Post-war Jewish Community
When the war ended, more than 1200 Jews returned to Tarnow. These included survivors who experienced the concentration camps, were hidden by righteous gentiles or had escaped to Russia. Returning survivors discovered that the Jewish quarter and the area where the ghetto was located were filled with deserted buildings and empty streets. Their family homes and businesses were taken over by local citizens. The remnants of their previous lives were gone.
Survivors understood that anti-Semitism was rampant and that it would be safer to live in a larger group. Jews born in Tarnow and the surrounding areas chose to live in Tarnow where Jewish communal organizations were established to meet the needs of the survivors. The availability of social services to provide housing and food for the post-war Jewish population allowed them to begin to rebuild their lives and afforded them some safety. Community organizations also assisted survivors looking for their missing family members.
The post-war Jewish community began to form around apartment houses on Goldhammera and Walowa Streets. A new synagogue was established at 3 Goldhammera Street. In April 1946, an attempted pogrom in Tarnow killed one Jew who had returned from Russia. Another attempt was made targeting the Kohn family – the father was the head of the Jewish Community. The heavy outside doors to their apartment building were shuttered and locked tightly and there were bars on the apartment window. This prevented the attackers from gaining access. In February 1946, Dora Kunstlich was killed by locals who broke into her apartment in Tarnow. To the Jewish community living in the shadows of the Holocaust, these events were a reminder of the danger of remaining in Poland. Jews began to leave Tarnow and immigrate to the USA or Israel. By 1947, there still were about 700 Jews in Tarnow.
On June 11, 1946, on the fourth anniversary of the mass murder of Tarnow Jews in the cemetery, a monument at the site of the mass grave was unveiled (left). The monument was created by a survivor from Tarnow, David Becker. He was born in 1917 in Tarnow and had studied sculpture in Krakow at the Pieknych Academy, the oldest fine arts university in Poland. When the war was over, he returned to Tarnow from Russia. He found that his entire family had been killed. He decided to make a memorial to his family and all of the Jews from Tarnow that perished. David Becker was very familiar with the cemetery, because his family owned a business before the war that made the gravestones. As he met more Jewish Shoah survivors who had returned to Tarnow, he enlisted their help to bring to the cemetery one of the columns from the New Synagogue -- all that remained when it was destroyed. He cut the top off of the column in symbolic memory of all the lives that were cut short in the Shoah. He imprinted it with a saying from the famous Hebrew poet Bialik’s poem, “The sun shone, but was not ashamed.”
With the exception of the cemetery, most reminders of pre-war Jewish life were disappearing. Many buildings in the old Jewish quarter had been in the Tarnow Ghetto during the war. They were dilapidated and eventually torn down. The Old Synagogue had been almost completely destroyed and only the Bima remained (left) next to the rubble. Eventually the rubble was cleared leaving the Bima open to the elements. Years passed and it was further neglected. In the early 1990s, a roof was placed over the Bima for preservation. Later, the area around it was cleared and a plaza was built.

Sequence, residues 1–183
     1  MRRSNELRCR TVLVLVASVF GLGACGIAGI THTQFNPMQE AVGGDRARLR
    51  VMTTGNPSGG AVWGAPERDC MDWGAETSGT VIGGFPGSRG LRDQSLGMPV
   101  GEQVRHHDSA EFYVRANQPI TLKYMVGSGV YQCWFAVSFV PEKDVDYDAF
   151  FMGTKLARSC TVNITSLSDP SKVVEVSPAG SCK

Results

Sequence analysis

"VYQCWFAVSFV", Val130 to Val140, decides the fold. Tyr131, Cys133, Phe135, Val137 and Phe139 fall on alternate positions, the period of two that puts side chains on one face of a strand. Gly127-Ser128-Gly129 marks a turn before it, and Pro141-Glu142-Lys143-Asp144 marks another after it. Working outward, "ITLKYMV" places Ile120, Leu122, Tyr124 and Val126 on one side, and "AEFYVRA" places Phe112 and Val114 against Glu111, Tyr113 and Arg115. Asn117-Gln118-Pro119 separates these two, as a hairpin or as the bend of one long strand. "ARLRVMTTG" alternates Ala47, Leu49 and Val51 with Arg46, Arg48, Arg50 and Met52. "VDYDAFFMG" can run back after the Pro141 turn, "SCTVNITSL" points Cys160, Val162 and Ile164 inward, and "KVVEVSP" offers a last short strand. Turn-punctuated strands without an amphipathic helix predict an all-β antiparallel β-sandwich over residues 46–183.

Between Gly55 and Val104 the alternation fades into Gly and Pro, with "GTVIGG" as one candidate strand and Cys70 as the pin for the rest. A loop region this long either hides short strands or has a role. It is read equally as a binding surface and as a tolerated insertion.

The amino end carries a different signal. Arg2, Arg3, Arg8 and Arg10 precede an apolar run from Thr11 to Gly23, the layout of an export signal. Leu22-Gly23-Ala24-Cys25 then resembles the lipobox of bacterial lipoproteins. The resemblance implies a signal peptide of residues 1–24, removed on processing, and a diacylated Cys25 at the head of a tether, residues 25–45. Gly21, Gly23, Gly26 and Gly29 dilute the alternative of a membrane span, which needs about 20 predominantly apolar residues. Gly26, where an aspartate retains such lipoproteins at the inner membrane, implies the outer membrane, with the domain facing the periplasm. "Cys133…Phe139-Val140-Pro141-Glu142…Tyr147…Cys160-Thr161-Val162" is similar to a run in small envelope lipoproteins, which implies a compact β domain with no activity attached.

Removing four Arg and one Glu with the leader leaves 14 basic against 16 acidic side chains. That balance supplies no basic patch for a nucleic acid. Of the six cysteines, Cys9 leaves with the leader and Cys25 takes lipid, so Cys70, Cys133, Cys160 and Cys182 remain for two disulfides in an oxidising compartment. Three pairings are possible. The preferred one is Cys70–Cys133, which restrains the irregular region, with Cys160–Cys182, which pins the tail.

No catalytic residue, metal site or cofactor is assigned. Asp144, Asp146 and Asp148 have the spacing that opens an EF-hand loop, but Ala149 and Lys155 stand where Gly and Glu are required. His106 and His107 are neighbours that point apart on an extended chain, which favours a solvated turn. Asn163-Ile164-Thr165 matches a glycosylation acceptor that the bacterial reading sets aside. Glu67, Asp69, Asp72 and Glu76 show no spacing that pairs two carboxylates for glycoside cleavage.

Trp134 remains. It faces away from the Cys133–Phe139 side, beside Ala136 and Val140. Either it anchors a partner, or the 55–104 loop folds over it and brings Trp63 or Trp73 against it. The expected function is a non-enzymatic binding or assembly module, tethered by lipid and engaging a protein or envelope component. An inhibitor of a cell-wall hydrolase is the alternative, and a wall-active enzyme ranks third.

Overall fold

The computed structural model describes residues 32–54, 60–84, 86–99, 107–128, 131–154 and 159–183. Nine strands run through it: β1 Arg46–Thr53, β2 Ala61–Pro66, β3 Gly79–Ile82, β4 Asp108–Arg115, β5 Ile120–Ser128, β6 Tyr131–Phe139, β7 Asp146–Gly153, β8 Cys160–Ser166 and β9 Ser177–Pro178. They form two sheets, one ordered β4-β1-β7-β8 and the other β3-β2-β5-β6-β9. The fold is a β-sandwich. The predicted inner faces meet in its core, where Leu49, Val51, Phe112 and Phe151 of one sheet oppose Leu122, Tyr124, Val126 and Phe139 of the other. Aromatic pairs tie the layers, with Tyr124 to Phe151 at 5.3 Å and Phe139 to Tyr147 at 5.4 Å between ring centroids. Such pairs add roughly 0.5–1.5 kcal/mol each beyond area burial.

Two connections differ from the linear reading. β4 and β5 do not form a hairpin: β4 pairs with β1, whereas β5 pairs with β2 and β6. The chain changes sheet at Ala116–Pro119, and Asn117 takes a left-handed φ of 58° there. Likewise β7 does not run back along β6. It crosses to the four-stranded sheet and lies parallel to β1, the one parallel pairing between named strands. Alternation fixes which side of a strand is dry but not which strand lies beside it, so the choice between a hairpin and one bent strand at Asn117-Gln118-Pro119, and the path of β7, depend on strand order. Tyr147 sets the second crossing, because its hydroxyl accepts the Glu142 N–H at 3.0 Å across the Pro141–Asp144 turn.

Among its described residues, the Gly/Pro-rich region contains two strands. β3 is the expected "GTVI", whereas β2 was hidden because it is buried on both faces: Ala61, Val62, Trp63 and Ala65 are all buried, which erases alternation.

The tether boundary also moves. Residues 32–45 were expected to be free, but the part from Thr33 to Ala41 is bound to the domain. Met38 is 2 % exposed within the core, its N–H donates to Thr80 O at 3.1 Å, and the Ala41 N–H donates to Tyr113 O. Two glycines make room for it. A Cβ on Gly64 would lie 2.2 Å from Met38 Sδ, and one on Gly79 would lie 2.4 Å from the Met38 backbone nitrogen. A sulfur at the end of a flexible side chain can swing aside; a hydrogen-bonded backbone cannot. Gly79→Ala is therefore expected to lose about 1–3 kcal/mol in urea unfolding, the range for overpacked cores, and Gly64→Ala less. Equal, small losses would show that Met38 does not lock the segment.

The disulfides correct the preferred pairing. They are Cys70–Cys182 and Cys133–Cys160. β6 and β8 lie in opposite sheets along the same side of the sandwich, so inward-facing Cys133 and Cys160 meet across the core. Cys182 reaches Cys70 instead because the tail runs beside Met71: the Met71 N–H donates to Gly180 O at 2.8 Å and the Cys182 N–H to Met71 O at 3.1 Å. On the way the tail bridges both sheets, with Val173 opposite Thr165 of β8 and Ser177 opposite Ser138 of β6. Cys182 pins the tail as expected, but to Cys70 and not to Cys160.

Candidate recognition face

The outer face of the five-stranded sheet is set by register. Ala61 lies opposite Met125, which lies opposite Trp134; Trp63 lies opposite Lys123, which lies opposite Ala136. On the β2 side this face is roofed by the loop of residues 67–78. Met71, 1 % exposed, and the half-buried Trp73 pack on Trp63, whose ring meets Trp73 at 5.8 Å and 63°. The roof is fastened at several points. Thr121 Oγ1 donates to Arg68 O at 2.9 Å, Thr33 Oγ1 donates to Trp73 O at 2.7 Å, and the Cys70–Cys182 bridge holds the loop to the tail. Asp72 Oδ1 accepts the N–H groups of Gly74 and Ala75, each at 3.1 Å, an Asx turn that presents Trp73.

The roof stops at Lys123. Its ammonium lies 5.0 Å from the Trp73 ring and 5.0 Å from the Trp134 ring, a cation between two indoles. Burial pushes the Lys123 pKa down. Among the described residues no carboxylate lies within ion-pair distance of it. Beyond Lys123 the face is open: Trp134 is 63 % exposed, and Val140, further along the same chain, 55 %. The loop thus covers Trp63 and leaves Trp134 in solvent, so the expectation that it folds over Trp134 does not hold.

The Jews that chose to remain in Tarnow attempted to rebuild their lives. Many married fellow survivors. Children were born and a Jewish community developed which included activities for children focused on Jewish life and remembrance (left). Sadly, some of the survivors of the Jewish community had married out of the faith in the years after the war and their children were being raised as Catholics.
Jewish communal and religious functions were restored by the survivors. Within the remaining dwindling community, there was a cantor and several knowledgeable men who together served in a ritual function for Jewish religious services and events (including Abraham Ladner, right). Aron Bergman, one of the survivors, taught young boys for their bar mitzvah. Jewish families from Tarnow and towns nearby also joined together to have a Passover Seder. Enough men remained to make a minyan for Shabbat services into the 1980s.
With the rise of Communism came renewed anti-Semitism. Beginning in 1968, the children of survivors who were raised in Tarnow began to emigrate from Poland. By the early 1970’s only a handful of older survivors were left in Tarnow. With the contracture of the Jewish community, resources were diminished. The synagogue was relocated to the ground floor of Goldhammera 1 into a room in the apartment of Abraham Ladner, who served as the unofficial head of the Jewish Community. The few Jewish residents who kept kosher went to Krakow to obtain kosher meat. This small group of men and women slowly began to die off in the 1980s, making it impossible to get a minyan. In 1993, Abraham Ladner, the last Jewish male in Tarnow died. The furnishings from the synagogue in his home as well as the Torah were transferred to the Tarnow Regional Museum.